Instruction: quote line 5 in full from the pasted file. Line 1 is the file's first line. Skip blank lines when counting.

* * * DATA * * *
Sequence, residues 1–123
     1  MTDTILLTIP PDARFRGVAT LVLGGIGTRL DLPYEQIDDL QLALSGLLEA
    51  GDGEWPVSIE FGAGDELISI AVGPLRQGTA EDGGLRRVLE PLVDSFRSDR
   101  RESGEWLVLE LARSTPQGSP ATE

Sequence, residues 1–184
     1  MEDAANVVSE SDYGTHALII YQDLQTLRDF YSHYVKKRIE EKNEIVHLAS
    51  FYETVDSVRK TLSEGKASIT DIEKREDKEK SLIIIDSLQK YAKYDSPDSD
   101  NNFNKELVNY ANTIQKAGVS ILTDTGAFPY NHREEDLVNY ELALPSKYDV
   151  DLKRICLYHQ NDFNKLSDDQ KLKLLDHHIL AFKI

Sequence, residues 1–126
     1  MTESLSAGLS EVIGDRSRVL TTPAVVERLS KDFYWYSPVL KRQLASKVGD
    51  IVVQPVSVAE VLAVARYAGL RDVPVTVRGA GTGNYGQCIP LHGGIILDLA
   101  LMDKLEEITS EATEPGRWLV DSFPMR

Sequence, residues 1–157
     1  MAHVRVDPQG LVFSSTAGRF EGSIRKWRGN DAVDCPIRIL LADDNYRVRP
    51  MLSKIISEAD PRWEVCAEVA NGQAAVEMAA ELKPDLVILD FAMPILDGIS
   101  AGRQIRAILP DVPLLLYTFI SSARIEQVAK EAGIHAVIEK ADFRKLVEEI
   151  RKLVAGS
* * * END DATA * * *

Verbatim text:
Sequence, residues 1–184